Elizabeth McAlister, a scholar of African religions at Wesleyan University, pointed out, “You have to remember that in Haiti, there is one doctor for every 10,000 citizens. So the burden of health and psychiatric care — and pastoring — falls on traditional religious healers. Priests and priestess are the front line of social services for most of the people.” As a result, the faith doesn’t concern itself with personal gain for the person performing a ritual; it’s all about community healing. McAlister further wrote that “Haitians should have biomedical healthcare. But the government and the international community haven’t come through. So they have to rely on who is there for them.”[9]

3 Voodoo Practitioners Make A Pact With The Devil


Back in the 18th century, Haiti was governed by the French, but a revolution on the island overthrew its oppressors, marking the one and only time in history a colony of slaves revolted and gained their independence as a free state. At the time, French propaganda claimed the Haitians made a pact with the Devil to overthrow their oppressors, and the misconception that this was the case remains prevalent today. When Haiti was struck by a debilitating earthquake in 2010, American televangelist Pat Robertson said that it was God’s revenge for the pact made hundreds of years earlier.[10]

Of course, this claim only showed how much the televangelist misunderstood the nature of Voodoo, but he’s hardly the only person to hold this belief. Because the religion is most often associated with black magic, relations with the Devil aren’t far behind. In reality, Voodoo doesn’t feature a Devil in the traditional Catholic sense, though there is a Lwa who is referred to as “the Devil” in popular culture. Papa Legba has been referred to as “the Devil” in blues music, but the spirit doesn’t reside in Hell. Instead, he stands at the spiritual crossroads, and grants (or denies) permission to speak with the spirits of the spirit world (Guinee).[11]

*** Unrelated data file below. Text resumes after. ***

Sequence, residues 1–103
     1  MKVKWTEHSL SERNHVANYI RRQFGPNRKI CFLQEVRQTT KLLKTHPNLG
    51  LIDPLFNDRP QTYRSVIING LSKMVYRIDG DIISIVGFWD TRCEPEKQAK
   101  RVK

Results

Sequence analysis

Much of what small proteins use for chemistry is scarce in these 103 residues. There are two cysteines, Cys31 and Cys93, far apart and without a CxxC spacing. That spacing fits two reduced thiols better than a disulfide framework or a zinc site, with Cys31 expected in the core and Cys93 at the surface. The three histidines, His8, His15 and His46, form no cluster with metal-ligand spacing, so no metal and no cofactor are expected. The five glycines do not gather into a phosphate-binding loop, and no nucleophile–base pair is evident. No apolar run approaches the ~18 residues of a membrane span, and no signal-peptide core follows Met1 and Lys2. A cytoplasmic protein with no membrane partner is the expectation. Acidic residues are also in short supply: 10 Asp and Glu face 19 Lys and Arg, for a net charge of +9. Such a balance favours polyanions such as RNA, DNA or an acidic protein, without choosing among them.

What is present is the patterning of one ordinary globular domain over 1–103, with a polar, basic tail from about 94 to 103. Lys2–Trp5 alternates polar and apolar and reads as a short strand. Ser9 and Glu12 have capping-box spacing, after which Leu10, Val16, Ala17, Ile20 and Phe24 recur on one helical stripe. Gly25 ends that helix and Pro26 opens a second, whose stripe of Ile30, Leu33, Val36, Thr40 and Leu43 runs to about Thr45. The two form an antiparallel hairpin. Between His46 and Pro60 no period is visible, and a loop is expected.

2 Voodoo Practitioners Can Raise The Dead


It’s unlikely that someone believes that a Voodoo Priest or Priestess could actually raise the dead, but a widespread misconception about the way Voodoo handles death gave rise to the concept of zombies. The term was first mentioned in the early 19th century in Robert Southey’s book, “History of Brazil,” where he noted the “zombi” as an aspect of Voudon Lwa. That remains true, but the distortion of history coupled with the exploitation of cultural misconceptions in movies and television perverted the original “zombi” into brain-eating monsters seen in popular culture all over the world.

While the concept of the zombie did originate in Candomblé Jejé, it has nothing to do with brain-eating monsters. Instead, zombies in Voodoo tradition are victims, who were brought back to life by priests called Bokors. This was done to create a force of slave labor used on the island’s sugar cane plantations. Granted, there’s no evidence of this being done in reality, but the concept remains true in modern Voodoo, which identifies it as what happens when the human force leaves the body. When this happens, the body remains a shell lacking self-awareness, a soul, or intelligence.[12]

1 Voodoo Follows A Strict Regimen Of Ritual And Practice


When Voodoo is shown on the silver screen, it appears to follow a specific practice that must be followed exactly as ordained or the results will be chaotic, and even deadly. In reality, this is far from the truth, as there are so many variations to practicing the many forms of Voodoo; one priest might do something completely different from another to achieve the same result. Unlike most religions, Voodoo doesn’t have a strict code for practitioners to follow; instead, it revolves around traditions passed down throughout the centuries, and across oceans.

Some forms of Voodoo follow a strict adherence to Islam and are closely associated with West African practices, while others deal primarily with Catholic institutions. There aren’t any houses of worship in Voodoo either, though there are designated houses or places where a priest might conduct a ceremony. Voodoo is more about culture than anything else, and because there are so many cultures that practice Voodoo, there isn’t a central body or set of rules practitioners must follow to call themselves members of the religion. Despite this, there is an online movement to create a centralized way of sharing information about the faith, which has resulted in a federation of practitioners in Haiti.[13]

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Jonathan H. Kantor

Jonathan is a graphic artist, illustrator, and writer. He is a Retired Soldier and enjoys researching and writing about history, science, theology, and many other subjects.